The battle royale genre is evolving at a fast pace, with games like Fall Guys, Tetris 99, and Spellbreak proving that you don’t need guns to pull off the “Last One Standing” concept in a giant multiplayer game. Naraka: Bladepoint, from Chinese studio 24 Entertainment, is the latest large-scale multiplayer game to try and make its mark on the battle royale genre, with the hook being literal grappling hooks and an incredibly deep melee combat system that makes it feel almost like a battle royale version of Crouching Tiger, Hidden Dragon. After playing two full matches and getting a crash course on the combat system, the results so far are extremely promising.
Let’s start with the familiar: Like just about any traditional battle royale, in Naraka every match begins with you and your squad dropping into a map of up to 60 other players and scrounging for loot of increasing tiers in order to prepare for the inevitable clashes with other players. There are encroaching bubbles at given intervals that constrict the playing field; you can find weapons, armor, consumables, and more specialized pickups called Souljades that provide you with passive bonuses (including rare, game changing weapon specific ones that grant you powerful special moves) , and you fight until there’s only one team left standing at the end.
While there are ranged weapons such as bows, rifles, canons, and repeating crossbows, most fights in Naraka were decided in the melee range, and this is where the game truly shines. Naraka’s melee combat system is fairly simple, but loaded with the kind of mind games that you’d expect from a fighting game.
It runs on a rock, paper, scissors kind of philosophy where there are regular attacks, which cannot be blocked or countered; charge attacks, which absorb and power through regular attacks; and counters, which when timed properly can deflect charged attacks and even disarm the attacker. But, as mentioned before, they are beaten by regular attacks. Smartly, the last hit of any regular attack combo is always a counterable charge attack, so an experienced player who recognizes that a person is just mashing the attack button can time a counter on that last hit and punish foes who get too predictable.
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On the other end of that, though, if I know they’re looking for a counter, I can press the crouch button in the middle of my combo string to start it all over from the beginning and punish the anticipated counter with regular attacks. Add on top of that unique hero abilities and powerful ultimates, the ability to disengage and re-engage with a grappling hook, and three melee weapon types each with their own combos and special attacks, and it’s easy to see that there is a ton of depth to Naraka’s melee fighting system. It all adds up to a style of combat that encourages creative thinking and outplaying your opponent, even if you’re underequipped, which are the hallmarks of any good battle royale.
Naraka has a unique approach to death as well. Up until the point when the second bubble starts shrinking the field, you get one resurrection. When you die, if your teammates are unable to revive you, you turn into a spirit and must run to a Soul Altar, where you can revive with some common equipment to get you back in the game. It’s a really elegant solution to a common problem in battle royales, where you die early on and never get a chance to see the late game.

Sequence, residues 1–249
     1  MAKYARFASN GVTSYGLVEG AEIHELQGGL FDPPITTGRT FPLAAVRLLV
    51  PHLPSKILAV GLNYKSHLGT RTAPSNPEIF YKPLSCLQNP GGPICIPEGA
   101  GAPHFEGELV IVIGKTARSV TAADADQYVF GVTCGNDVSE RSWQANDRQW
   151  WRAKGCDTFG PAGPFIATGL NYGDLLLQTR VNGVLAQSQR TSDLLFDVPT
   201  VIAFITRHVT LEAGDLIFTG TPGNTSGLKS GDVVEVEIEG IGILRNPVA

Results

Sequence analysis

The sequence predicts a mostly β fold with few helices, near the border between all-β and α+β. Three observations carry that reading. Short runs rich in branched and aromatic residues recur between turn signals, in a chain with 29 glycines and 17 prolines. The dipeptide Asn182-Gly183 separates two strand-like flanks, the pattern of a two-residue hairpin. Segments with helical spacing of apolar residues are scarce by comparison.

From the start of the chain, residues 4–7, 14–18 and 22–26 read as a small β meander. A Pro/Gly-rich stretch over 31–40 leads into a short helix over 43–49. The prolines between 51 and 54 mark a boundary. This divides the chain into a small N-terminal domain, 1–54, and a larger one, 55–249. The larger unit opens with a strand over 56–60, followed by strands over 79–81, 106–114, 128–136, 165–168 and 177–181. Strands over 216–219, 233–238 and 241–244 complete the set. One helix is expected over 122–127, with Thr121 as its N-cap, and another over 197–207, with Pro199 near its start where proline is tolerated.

The crucial piece of a melee-centric battle royale is traversal, which is something that Naraka seems to have a pretty good handle on. One of the items you can find as you’re looting up are grapple spools, which can be used to zip to any point (or any player). It feels very similar to Just Cause’s grappling hook, with the exception of the fact that its tracking is almost non-existent when it comes to latching on to another player, so you won’t be able to just immediately home in on your opponent if they’re dashing away at full speed, which is probably for the best.
Outside of the actual game are the usual suite of customization items, from skins to gestures, accessories, and so on But perhaps the most interesting aspect of Naraka’s character customization suite is the fact that you can completely change the face of your character. There’s an absurdly in-depth face creation tool that feels unprecedented within the genre, and has already resulted in some players creating characters like Yoda and Neytiri from James Cameron’s Avatar.
In addition to playing two Battle Royale matches, and being absolutely carried to second and third place finishes, I also got to check out a fun Deathmatch mode that removed all loot and let players just go at it. It was… absolute chaos, but it seems like a great way to get your feet wet with Naraka’s combat in a less stressful and less high-stakes environment, which is something that I think all battle royales should find a way to incorporate.
Overall, I went into my playtest of Naraka: Bladepoint not really knowing what to expect, and walked out extremely impressed by what I played. Battle royales are a bit outside of my typical wheelhouse, but by merging the “Last Man Standing” concept with elements of fighting and action games, Naraka might be the first traditional battle royale that I really sink my teeth into.
Naraka: Bladepoint opens up its Forerunner beta on April 23 for PC and is currently scheduled for a Summer 2021 release.
Mitchell Saltzman is an editorial producer at IGN. You can find him on Twitter @JurassicRabbit.